The Triad will soon be in the rear-view mirror of Highwoods Properties Inc.

The Raleigh commercial real-estate firm has announced plans to exit the Greensboro market by mid-2020, while entering its presence in uptown Charlotte through a $456 million purchase of Bank of America Tower at Legacy Union by November.

Highwoods sold off 2.8 million square feet in Winston-Salem properties between 2007 and 2011 after determining it was a noncore market. Depressed demand for office space during the Great Recession of 2007-11 slowed the company’s departure.

The company plans to sell its Greensboro properties, as well as those in Memphis, Tenn., in two phases. It is closing offices in both markets during the first phase.

The Greensboro portfolio consists of 2.67 million square feet of industrial space, 1.15 million square feet of office space and 30 acres of development land.

Among the properties are 1501 Highwoods Blvd., 628 Green Valley Road and 661 Brigham Road.

Highwoods said its expectation is at least breaking even on the Bank of America tower purchase from selling certain Greensboro and Memphis properties in the first phase. The second phase will consist of the remaining assets in both markets with “no pre-determined timetable.”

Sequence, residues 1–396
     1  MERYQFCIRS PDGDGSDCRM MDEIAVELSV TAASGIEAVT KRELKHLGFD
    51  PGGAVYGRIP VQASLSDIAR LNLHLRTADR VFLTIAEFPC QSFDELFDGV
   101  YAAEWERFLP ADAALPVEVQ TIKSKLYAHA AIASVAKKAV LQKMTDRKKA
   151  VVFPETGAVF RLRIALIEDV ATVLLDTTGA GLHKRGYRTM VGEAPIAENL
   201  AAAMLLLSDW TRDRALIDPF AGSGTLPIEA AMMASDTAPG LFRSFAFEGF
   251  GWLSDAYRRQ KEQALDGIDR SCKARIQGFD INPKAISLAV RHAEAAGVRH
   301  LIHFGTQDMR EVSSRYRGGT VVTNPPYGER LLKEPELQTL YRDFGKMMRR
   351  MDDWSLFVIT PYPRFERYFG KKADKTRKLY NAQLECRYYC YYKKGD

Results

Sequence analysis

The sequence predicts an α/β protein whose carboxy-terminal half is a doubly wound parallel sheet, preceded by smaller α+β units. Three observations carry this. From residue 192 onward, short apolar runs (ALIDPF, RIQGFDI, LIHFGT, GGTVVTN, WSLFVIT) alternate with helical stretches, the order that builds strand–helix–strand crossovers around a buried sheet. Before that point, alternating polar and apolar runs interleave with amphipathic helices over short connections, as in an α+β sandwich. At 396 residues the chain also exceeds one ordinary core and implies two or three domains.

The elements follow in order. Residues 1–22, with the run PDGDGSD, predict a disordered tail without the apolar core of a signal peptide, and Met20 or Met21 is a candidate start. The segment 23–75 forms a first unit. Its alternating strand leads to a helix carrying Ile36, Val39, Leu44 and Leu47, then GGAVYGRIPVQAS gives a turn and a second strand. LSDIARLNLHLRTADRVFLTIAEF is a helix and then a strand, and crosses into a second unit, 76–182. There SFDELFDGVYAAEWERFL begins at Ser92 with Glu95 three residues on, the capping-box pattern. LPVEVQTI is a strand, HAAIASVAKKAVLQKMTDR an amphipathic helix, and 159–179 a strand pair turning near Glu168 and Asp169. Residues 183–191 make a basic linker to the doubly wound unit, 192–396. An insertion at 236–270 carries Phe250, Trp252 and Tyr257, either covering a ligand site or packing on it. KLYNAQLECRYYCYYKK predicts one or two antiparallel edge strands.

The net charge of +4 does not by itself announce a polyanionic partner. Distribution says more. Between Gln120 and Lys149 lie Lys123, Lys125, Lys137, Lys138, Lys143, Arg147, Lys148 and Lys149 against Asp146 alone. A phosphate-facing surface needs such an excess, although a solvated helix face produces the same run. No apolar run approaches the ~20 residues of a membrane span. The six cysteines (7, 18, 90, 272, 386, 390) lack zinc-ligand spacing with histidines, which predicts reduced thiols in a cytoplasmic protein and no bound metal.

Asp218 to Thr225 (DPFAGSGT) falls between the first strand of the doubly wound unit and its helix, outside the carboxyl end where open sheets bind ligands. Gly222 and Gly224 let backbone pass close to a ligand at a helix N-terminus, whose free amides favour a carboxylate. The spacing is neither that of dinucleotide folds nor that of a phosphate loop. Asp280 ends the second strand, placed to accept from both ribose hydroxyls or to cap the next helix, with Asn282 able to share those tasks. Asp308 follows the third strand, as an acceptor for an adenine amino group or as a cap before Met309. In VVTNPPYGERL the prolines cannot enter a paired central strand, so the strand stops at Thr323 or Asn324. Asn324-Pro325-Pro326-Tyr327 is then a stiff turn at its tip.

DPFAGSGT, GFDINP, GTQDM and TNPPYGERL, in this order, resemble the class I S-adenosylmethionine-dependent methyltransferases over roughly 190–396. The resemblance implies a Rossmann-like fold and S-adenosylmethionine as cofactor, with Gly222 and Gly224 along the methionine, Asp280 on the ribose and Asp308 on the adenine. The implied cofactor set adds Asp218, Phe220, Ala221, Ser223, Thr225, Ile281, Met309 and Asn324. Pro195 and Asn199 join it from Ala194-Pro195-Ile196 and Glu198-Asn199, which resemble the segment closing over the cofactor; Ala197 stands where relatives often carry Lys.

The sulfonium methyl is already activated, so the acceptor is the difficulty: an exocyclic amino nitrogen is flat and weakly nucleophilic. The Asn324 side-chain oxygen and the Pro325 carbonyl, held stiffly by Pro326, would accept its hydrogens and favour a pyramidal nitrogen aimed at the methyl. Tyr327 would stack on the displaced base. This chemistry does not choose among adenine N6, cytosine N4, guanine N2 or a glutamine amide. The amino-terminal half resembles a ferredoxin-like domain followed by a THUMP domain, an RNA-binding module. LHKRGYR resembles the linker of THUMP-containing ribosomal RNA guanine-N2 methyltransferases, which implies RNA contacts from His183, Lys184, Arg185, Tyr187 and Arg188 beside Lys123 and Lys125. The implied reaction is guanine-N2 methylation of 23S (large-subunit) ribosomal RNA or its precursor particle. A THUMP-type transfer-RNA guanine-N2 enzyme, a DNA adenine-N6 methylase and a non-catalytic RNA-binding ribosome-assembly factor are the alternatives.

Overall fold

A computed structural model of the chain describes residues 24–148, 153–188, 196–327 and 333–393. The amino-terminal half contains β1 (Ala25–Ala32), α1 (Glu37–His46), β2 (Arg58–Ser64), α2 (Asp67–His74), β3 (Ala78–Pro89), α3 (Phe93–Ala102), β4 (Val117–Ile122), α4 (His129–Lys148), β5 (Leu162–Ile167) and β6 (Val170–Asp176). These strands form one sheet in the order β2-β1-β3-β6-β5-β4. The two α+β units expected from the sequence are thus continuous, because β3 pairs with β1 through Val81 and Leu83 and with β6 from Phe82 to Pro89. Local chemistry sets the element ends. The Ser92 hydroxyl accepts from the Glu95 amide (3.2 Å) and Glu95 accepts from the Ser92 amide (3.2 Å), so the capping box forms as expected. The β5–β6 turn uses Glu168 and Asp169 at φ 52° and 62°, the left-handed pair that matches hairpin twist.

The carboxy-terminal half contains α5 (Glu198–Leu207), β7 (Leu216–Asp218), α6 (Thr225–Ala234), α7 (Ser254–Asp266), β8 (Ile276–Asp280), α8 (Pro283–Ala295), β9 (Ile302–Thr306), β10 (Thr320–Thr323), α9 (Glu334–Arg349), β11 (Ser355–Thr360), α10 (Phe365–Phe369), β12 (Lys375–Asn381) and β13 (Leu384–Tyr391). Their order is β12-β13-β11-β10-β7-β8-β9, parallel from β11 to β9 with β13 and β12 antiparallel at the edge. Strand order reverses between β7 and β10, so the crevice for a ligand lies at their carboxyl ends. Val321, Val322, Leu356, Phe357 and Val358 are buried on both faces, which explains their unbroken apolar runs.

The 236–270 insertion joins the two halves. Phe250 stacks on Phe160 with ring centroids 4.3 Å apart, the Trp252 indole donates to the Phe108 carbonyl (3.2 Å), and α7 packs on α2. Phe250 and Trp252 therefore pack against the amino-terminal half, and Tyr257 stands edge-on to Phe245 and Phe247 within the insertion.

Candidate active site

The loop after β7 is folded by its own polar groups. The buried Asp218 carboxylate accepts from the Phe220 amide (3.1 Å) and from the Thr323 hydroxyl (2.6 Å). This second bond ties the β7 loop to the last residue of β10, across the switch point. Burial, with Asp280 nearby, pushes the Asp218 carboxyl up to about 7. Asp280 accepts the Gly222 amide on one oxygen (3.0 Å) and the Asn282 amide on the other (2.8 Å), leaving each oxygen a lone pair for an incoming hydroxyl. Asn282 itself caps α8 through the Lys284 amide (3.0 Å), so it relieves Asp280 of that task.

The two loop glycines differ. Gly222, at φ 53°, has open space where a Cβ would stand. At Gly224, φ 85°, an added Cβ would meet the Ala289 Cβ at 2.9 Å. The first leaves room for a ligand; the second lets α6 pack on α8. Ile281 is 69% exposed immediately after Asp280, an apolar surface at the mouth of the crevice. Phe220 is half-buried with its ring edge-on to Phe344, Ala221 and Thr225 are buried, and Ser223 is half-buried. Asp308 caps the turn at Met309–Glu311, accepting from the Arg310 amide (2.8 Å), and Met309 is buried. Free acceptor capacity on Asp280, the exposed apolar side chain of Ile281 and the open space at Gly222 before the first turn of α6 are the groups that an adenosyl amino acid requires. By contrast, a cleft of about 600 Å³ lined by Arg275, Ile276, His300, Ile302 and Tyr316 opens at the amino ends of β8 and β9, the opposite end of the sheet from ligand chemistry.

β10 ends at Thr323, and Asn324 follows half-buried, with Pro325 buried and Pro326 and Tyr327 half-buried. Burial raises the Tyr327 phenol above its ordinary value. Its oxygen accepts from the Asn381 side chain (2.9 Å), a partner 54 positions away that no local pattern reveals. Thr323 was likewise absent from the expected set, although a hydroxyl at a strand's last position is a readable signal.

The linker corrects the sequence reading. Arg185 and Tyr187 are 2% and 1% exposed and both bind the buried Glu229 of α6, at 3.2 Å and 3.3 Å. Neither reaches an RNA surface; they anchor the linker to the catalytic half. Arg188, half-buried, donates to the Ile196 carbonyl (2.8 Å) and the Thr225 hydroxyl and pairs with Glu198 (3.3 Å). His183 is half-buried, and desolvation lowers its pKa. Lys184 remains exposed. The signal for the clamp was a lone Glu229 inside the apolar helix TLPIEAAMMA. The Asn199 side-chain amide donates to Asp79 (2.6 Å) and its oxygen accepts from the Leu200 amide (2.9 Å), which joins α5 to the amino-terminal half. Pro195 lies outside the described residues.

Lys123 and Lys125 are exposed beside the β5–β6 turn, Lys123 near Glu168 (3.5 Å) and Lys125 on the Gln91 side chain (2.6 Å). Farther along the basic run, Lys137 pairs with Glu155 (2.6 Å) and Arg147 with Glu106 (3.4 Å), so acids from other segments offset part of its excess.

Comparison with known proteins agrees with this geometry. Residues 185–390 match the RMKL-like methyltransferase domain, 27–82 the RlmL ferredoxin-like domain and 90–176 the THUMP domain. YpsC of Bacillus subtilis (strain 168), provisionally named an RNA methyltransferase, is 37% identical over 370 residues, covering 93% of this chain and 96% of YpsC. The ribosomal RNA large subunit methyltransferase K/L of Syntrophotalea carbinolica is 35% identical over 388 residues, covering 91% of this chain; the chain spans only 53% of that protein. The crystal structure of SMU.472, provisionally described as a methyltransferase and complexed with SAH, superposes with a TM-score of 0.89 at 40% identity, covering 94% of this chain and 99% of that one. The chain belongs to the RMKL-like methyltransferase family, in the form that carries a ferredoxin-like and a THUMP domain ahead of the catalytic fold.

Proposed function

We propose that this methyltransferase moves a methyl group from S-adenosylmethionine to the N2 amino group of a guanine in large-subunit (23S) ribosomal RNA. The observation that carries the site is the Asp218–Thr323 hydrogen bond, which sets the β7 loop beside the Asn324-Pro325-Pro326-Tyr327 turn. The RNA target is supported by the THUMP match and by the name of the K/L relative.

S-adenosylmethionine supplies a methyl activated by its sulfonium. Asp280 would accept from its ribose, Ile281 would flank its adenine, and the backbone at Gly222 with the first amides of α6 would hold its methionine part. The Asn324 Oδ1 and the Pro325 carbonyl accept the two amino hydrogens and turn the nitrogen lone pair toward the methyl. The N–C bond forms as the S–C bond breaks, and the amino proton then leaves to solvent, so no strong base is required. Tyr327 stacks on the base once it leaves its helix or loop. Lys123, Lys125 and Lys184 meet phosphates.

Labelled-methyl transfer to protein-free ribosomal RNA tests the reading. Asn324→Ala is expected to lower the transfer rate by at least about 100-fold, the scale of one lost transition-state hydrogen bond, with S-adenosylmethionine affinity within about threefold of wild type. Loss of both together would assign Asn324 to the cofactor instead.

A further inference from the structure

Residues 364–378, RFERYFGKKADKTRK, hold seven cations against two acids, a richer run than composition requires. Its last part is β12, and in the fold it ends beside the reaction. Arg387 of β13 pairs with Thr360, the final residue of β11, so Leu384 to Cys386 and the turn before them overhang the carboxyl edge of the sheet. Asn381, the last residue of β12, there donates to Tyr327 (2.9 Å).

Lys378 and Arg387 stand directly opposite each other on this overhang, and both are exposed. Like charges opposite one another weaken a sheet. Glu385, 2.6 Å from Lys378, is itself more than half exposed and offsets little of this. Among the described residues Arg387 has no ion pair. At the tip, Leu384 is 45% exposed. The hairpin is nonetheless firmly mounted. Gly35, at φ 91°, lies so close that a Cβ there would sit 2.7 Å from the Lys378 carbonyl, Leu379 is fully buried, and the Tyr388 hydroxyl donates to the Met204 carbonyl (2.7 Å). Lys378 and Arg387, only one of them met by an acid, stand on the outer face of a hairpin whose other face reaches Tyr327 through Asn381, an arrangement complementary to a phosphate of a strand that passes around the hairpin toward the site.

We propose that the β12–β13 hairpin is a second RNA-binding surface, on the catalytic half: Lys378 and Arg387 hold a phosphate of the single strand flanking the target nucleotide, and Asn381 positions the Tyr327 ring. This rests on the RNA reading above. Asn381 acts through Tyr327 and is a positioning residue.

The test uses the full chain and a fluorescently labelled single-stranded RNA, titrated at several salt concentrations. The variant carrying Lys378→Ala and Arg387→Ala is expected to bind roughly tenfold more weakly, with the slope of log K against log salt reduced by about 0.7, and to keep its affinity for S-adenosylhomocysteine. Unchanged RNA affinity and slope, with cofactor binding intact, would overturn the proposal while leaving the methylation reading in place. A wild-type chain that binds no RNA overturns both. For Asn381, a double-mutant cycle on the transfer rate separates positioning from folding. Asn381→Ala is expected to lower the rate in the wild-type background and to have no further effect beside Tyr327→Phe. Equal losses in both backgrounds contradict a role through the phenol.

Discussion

The portfolio shuffling represents what Highwoods calls “a further strengthening of its Best Business District office focus.”

It calls the 841,000-square-foot Bank of America tower “a trophy, LEED gold-registered office building.”

“Our plan is to enter the dynamic Charlotte market and rotate out of Greensboro and Memphis is consistent with our long-term strategic plan of owning high-quality, trophy office buildings in the Best Business Districts of markets with favorable economic and demographic trends,” Ed Fritsch, Highwoods’ chief executive, said in a statement.

“With its strong, diverse and growing economy, Charlotte has been at the top of our list for future market expansion.

“Bank of America Tower at Legacy Union ... is a solid bull’s eye with regard to our long-stated acquisition criteria: prime infill location in a top tier submarket, limited or no near-term rollover exposure and a financially sound customer base,” Fritsch said.

Highwoods said it projects to take between $3 million and $4 million in retirement, severance and other one-time costs during the third and fourth quarters.

Highwoods is classifying all Greensboro and Memphis assets as non-core. It plan to record land impairment charges of between $2.5 million and $4 million relating to land held for office development in Greensboro.

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rcraver@wsjournal.com 336-727-7376 @rcraverWSJ

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